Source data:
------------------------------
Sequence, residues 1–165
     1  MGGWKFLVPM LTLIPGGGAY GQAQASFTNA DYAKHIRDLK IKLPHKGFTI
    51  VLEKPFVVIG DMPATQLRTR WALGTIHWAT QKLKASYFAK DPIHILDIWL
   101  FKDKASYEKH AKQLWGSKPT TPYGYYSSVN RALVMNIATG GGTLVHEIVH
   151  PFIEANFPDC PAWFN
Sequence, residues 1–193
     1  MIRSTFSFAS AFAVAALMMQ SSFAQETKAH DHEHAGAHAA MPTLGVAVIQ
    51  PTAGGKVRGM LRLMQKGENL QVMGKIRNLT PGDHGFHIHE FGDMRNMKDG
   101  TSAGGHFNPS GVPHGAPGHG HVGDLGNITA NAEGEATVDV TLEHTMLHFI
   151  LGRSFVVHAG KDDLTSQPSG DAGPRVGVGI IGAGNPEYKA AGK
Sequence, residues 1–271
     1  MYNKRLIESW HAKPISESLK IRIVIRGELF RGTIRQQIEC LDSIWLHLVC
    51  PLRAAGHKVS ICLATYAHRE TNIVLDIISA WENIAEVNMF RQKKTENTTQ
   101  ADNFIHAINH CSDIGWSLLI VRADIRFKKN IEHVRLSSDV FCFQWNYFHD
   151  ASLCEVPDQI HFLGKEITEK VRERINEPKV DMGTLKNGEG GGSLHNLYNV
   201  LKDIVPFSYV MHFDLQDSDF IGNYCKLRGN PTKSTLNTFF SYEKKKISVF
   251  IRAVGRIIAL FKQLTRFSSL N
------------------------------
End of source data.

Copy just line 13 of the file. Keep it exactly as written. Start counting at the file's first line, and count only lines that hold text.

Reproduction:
    51  PLRAAGHKVS ICLATYAHRE TNIVLDIISA WENIAEVNMF RQKKTENTTQ